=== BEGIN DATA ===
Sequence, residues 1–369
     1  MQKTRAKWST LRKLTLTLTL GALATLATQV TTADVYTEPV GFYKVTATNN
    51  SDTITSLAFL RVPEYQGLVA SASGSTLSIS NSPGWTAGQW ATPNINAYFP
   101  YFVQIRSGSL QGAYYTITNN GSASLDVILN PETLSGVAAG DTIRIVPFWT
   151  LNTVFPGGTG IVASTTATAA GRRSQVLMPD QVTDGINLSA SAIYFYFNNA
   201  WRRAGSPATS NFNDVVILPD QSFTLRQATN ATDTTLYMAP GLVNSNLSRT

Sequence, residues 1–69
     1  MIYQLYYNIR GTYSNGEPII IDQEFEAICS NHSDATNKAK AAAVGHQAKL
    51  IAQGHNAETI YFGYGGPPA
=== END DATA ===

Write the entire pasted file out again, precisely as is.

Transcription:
Sequence, residues 1–369
     1  MQKTRAKWST LRKLTLTLTL GALATLATQV TTADVYTEPV GFYKVTATNN
    51  SDTITSLAFL RVPEYQGLVA SASGSTLSIS NSPGWTAGQW ATPNINAYFP
   101  YFVQIRSGSL QGAYYTITNN GSASLDVILN PETLSGVAAG DTIRIVPFWT
   151  LNTVFPGGTG IVASTTATAA GRRSQVLMPD QVTDGINLSA SAIYFYFNNA
   201  WRRAGSPATS NFNDVVILPD QSFTLRQATN ATDTTLYMAP GLVNSNLSRT

Sequence, residues 1–69
     1  MIYQLYYNIR GTYSNGEPII IDQEFEAICS NHSDATNKAK AAAVGHQAKL
    51  IAQGHNAETI YFGYGGPPA